The application for counsel fees in the sum of $200,000 was finally heard by Judge Weiss on November 21, 1955, and on February 17, 1956 (with a direction to plaintiff to pay Irving I. Erdheim $100 expense money for attending the latter hearing. Compliance with this order brought the total paid by plaintiff on account of defendant's counsel fees and expenses to $11,100 exclusive of the $2,350 paid by plaintiff to defendant's counsel in the New York proceeding) and again on April 16, 1956. The proceedings appear in the record at 186a-249a. Judge Weiss made the order on June 13, 1956 on which the present appeal was taken. But it was not until January 28, 1958 that the lower court made a final order denying a decree of divorce.*fn3 Thus, after inordinate delays, more than
[ 187 Pa. Super. Page 187]
four years elapsed after plaintiff's complaint was filed, before final disposition of the divorce case. Subsequently on March 1, 1958, the court awarded the master an additional fee of $15,000. Plaintiff's appeal from that order, is also before us by agreement at No. 221 April Term, 1958.
The opinion filed by the lower court in disposing of the application for counsel fees, in question, is not helpful. Admittedly it does not go to the record for facts. On the contrary a comparison of it with Mr. Erdheim's brief indicates that the purported findings in the opinion are largely rescripts of the averments (and for the most part ipsissimis verbis) of that brief. New York counsel is a self-styled specialist in divorce cases "for celebrities" and there is some evidence of his boast that he gets $1,000 to $5,000 for a single court appearance. However that may be, our appraisal of the money value of his services, in the present proceeding, do not agree with the price he has put upon them. Moreover he overlooks one salient fact: in Pennsylvania the practice of law, even in the field of divorce, is still a profession and not a business.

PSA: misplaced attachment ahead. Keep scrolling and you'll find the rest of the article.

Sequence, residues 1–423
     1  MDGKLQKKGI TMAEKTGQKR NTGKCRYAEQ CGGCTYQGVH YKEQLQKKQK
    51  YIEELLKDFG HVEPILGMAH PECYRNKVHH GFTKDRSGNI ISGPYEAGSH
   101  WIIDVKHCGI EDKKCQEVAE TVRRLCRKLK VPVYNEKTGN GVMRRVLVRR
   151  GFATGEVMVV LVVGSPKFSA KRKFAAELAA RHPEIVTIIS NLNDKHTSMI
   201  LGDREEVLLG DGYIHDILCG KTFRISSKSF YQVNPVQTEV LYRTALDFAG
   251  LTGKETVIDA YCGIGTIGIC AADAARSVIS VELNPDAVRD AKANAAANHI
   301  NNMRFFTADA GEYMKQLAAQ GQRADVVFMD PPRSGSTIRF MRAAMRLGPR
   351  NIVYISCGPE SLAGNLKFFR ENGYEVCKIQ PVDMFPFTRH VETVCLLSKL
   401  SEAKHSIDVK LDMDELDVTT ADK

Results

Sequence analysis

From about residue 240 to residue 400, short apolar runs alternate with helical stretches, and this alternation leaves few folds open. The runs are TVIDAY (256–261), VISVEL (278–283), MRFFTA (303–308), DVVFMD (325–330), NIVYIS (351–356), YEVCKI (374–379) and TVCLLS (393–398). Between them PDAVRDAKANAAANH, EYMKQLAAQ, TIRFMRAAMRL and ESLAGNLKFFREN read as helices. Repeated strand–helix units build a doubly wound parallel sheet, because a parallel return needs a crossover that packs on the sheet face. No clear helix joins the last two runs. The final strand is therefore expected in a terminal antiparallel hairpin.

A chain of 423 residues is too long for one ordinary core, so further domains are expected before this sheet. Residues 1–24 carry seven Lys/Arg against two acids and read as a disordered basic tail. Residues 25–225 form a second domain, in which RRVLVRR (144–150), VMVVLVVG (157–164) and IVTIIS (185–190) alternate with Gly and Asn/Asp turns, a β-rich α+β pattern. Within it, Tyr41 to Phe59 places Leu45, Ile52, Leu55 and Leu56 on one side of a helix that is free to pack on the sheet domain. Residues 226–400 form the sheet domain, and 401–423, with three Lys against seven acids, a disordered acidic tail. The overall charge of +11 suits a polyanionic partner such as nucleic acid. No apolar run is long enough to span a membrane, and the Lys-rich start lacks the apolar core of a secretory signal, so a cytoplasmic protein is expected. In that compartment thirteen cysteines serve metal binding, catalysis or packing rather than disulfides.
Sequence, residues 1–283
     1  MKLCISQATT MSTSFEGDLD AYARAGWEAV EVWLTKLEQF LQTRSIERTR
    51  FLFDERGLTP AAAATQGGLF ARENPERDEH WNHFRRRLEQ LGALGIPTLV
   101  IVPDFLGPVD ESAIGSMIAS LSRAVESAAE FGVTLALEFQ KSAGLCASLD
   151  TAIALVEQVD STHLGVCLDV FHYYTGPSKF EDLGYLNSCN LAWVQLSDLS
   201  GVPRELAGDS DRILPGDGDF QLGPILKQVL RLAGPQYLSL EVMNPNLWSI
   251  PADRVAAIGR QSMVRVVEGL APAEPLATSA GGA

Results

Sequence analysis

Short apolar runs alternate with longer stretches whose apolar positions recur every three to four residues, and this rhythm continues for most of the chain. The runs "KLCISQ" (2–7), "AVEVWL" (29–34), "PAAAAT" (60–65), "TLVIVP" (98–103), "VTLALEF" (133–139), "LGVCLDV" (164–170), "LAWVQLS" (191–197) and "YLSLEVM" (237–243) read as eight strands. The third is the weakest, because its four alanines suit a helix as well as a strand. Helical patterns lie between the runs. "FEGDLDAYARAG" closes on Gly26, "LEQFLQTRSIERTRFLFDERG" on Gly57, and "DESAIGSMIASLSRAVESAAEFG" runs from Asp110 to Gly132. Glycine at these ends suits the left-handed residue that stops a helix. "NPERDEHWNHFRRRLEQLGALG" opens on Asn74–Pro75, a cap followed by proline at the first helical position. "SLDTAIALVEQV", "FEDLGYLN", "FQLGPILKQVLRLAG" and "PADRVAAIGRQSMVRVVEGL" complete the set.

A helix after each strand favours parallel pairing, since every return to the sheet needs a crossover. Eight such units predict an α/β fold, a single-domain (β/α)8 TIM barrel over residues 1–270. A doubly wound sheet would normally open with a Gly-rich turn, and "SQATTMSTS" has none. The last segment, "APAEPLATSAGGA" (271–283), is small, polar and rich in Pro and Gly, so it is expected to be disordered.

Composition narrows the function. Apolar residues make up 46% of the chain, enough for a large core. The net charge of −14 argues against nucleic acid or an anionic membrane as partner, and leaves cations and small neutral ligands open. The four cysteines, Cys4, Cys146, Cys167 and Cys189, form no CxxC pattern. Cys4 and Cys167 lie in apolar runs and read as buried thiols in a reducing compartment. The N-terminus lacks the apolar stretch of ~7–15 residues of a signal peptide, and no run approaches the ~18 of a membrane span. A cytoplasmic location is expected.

In passing, reference may be made to the conduct of defendant's counsel after plaintiff took the present appeal. Plaintiff had petitioned for supersedeas but when he did not immediately comply with the terms of our order (he averred that he was unable to secure a bond in the required amount) defendant's three attorneys on August 7, 1956 took an assignment from her of the amount awarded her and in their names brought suit against the plaintiff in New Jersey to collect the fees ordered by the lower court, in the total
[ 187 Pa. Super. Page 188]
sum of $110,600.*fn4 In addition they presented a petition requesting us to quash plaintiff's appeal, in which the master joined, on purely technical and inconsequential grounds, in no way going to the merits. To forestall the possibility that the questions before us in this appeal might be made moot by counsel's success in that action we reduced the amount of supersedeas bond to $20,000, which was promptly furnished by the plaintiff; and the New Jersey action, including we assume the attachment of a valuable airplane, was stayed.